Tag Archives for : Thailand
When we first joined the mission to end trafficking, the most prevelent form it took in our region was in-person, and face-to-face, through a relationship of trust: a family member or friend offering a job or other opportunity to those desperate for financial relief. Just how much the victim and their loved ones knew about what they were getting into.
THANK YOU!!!! Because of your generosity, we hit our goal and raised over $100,000 for 2019!! “Thank you” barely begins to cover our gratitude. Because of you, we can send at-risk kids to school. We can fund counselors and mentors who help keep them in school when things get rough. We can continue our sustainability programs that provide supplemental income.
Khae, one of our counselers, was invited earlier this year by local government to meet with 100 women who were all leaders in different villages. In the meeting, they discussed family-related laws that would be of interest to these women leaders and others in the village. Khae began to speak on the issue of abuse and family violence—both between parents.
Achievements aren’t always the first thing you look for. When people are looking for ways to evaluate whether an organization is producing results and maximizing positive outcomes and achievements, we have a tendency to go straight to the hard data: percent of money going to overhead, measurable numbers of people reached, and quantifiable indicators of growth. These numbers are essential.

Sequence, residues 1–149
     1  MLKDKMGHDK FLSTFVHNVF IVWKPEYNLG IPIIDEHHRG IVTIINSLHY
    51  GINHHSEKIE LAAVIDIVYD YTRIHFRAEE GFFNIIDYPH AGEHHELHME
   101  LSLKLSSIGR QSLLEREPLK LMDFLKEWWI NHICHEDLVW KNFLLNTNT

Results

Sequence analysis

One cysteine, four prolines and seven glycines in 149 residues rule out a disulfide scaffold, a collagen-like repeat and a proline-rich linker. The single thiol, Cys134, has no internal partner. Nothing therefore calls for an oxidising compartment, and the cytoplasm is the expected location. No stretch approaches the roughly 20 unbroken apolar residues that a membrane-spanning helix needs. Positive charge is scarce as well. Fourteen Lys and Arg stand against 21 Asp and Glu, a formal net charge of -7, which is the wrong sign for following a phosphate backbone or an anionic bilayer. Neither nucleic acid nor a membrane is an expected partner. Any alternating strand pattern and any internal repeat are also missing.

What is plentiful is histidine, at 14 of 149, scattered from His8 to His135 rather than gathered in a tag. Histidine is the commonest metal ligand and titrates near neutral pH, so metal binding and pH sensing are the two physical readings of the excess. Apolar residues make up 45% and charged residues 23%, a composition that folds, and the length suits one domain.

Here are some of the latest updates on trafficking in the news! Social Media Becoming Gateway to Trafficking Traffickers are befriending teens online and luring them into becoming trafficked. These two articles, one from ABC Action News and one from Eurekalert, highlight some of the tactics and warning signs to watch out for. “She started coming home with items.
Small actions can have profound consequences. At The Freedom Story, we believe in growing change from the ground up, and that even the little choices we make can have a big impact on ourselves, our community, and the world around us. Last month, our students celebrated World Cleanup Day with an activity to help the students be volunteer-minded and to.
Strengthening families and the communities in which they live is a better form of prevention than sending children to live in orphanages due to poverty. Did you know that a large proportion of children living in orphanages still have at least one living parent? The exact number is unknown, but may be up to 4 out of 5 children in.
One cultural difference that Westerners often have trouble understanding about Thai culture (and many other East and South Eastern cultures) is the notion of a moral debt that children owe to their parents and families. The words Westerners use, like debt or obligation, while correct, have negative connotations, and thus don’t effectively capture the essence of the concept on a fundamental.
The news about trafficking from the past month has been remarkably slow. One major development occurred, however: the discovery and arrest of a major trafficking ring in Thailand. Twenty-three traffickers were arrested in a major crackdown by Thai police. In their operation, they uncovered major trafficking routes from Myanmar through Thailand to Malaysia. The traffickers would smuggle people from Koh.
“Social scientists often use the term social capital to describe social connectedness–that is, informal ties to family, friends, neighbors, and acquaintances; involvement in civic associations, religious institutions, athletic teams, volunteer activities; and so on. Social capital has repeatedly been shown to be a strong predictor of well-being both for individuals and for communities.” – Robert Putnam In renowned social scientist Robert.